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Toumei - A match made in (Glass) Heaven

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Toumei -  A match made in (Glass) Heaven

Is it design or is it art? Or maybe it's both? To categorise the works of Toumei - a brand founded by Baku Takahashi and Tomoko Wada in 2016 - might not be the easiest job. However, by designing, creating and not to mention, hand-blowing each piece of glass work, they're the epitome of an all-around, modern-day 'Maker' that's worth celebrating.

By the time they had both turned 27, Takahashi & Wada decided to work together as Toumei, which means 'transparent' in Japanese. They explained, 'Glass has various attractions and discoveries, and we like to create works that convey it. And transparent, we think it's also the best attraction of any glass works.'


Baku Takahashi (Top) and  Tomoko Wada's (Bottom) individual works at Link Lion.

Although they set up their workshop together in Fukuoka, they usually work separately. Takahashi loves to seize the moment when glass melts and creates very witty, 'kawaii',  candy-like miniature sculptures, while Wada tends to incorporate different small objects, such as branches, stones, even discarded waste into clear glass containers, resulting in surreal yet visually dynamic works.

When it's time to create Toumei's work, then only the collaboration between them commences. At their first Taipei show, not only were visitors able to see their individual work, their signature Toumei vases were also on display.  During this busy time in their schedule, I too seize the moment to ask them about their history, the designer/artist debate and the future of the glass profession in Japan.

Baku Takahashi's Covered with color Series.

 Tomoko Wada's Apartment Series.

How did you two meet? What was your first impression of each other?
Baku:
We were classmates at the Tama Art University department of craft and learning glass art in Tokyo.
Tomoko: He seemed great and was a very nice person to talk to.

Do you consider yourself a designer or an artist? Or both? How so?
Baku:
I am making something I want to make, so I think that it is both as a result.
Tomoko: I think that I am an artist, but I think that thinking as a designer is necessary when considering Toumei's products.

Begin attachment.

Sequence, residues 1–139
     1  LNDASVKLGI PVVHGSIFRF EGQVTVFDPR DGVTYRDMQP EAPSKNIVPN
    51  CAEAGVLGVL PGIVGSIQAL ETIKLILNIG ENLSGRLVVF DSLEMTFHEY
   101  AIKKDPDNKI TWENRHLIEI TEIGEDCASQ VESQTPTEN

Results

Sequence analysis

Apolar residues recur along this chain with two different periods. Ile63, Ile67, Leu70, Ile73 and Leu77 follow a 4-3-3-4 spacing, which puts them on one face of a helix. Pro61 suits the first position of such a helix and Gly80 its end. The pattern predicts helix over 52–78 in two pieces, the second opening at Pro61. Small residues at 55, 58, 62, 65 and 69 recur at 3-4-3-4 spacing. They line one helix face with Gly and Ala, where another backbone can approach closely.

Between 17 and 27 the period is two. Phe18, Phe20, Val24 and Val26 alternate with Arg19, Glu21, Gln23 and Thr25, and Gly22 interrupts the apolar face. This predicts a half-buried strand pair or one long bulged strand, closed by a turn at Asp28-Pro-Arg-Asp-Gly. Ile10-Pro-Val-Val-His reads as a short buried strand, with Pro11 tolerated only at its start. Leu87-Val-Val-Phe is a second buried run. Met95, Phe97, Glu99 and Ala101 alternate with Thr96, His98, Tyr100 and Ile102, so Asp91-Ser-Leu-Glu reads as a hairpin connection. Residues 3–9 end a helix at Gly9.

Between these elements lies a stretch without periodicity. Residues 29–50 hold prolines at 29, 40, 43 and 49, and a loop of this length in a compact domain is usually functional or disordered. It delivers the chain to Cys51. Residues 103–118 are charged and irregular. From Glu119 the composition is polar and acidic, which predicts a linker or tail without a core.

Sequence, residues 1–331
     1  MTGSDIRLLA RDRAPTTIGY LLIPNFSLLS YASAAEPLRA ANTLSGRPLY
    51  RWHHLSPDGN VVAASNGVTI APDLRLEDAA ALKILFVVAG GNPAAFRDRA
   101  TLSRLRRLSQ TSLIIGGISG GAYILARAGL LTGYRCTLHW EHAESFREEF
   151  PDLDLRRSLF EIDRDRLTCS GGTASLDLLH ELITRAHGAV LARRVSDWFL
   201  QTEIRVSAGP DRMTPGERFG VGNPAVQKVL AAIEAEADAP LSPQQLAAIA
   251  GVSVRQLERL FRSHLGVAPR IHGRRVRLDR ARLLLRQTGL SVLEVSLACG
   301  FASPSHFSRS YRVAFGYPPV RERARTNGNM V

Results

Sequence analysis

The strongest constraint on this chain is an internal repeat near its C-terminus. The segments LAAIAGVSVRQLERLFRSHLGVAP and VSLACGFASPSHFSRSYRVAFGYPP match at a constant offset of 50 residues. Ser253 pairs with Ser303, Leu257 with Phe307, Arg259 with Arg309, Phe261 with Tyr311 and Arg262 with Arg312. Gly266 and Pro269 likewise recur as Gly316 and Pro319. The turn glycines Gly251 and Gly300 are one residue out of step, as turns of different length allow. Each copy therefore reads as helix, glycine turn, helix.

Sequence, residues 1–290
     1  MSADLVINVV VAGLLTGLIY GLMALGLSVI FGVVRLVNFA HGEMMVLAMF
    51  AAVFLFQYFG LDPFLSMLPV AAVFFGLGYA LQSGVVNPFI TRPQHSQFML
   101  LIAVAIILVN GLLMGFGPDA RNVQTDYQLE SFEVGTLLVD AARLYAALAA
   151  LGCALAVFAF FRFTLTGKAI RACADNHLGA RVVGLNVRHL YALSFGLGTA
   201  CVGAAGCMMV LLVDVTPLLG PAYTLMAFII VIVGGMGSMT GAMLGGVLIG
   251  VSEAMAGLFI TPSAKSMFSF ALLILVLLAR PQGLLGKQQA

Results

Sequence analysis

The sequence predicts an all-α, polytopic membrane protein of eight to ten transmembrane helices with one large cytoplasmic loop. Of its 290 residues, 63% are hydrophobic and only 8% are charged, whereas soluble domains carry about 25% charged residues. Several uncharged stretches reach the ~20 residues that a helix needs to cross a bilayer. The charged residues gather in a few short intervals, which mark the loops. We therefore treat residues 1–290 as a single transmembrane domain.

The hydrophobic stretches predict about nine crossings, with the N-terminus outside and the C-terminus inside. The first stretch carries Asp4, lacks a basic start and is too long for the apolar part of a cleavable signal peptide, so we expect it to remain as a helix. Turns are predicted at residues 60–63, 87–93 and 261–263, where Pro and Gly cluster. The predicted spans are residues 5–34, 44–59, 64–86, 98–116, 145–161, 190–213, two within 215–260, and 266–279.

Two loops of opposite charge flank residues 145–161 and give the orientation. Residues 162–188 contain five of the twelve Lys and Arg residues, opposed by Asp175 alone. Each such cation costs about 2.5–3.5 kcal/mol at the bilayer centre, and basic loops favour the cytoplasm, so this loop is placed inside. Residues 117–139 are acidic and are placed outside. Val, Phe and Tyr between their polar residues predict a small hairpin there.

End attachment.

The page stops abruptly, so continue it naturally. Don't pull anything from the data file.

How would you describe your style?
Baku:
I think that they are quite fun.
Tomoko: For my work, I lay out pieces of glass and all the materials and parts I found, so that I can make discoveries in space.

Takahashi and Wada working together for Toumei collection.

Toumei collection includes coloured vases and drinking glasses.

Some of your works are quite small and delicate. What are the challenges in this?
Baku:
Actually, it's easier to make. The challenge is always to grasp the glass material fresh.
Tomoko: It is difficult to make large pieces of glass (work) with glass, and it is easy to sell in Japan. I think that I can express more in this size, but I want to do larger works too.

Would you categorize your work as Japanese?
Baku:
When I was a child I often drew Japanese anime. After becoming an adult, I was influenced by writers around the world through the Internet. Nature in Japan is also an inspiration.
Tomoko: I do not think it is Japanese or has a global influence. But I think there is an influence from my teacher at university.

How do you see your profession in the future?
Baku:
I want to continue creating works until I die. It is a motivation to know what kind of work you can create by the time you die.
Tomoko: I'd like more people to see my works, and I want to meet the people of the world through my works.

 

Toumei Glass Exhibition is on show now at Taipei's Link Lion Gallery until 5th November.


Any views or opinions in the post are solely those of the authors and do not necessarily represent the views of the company or contributors.



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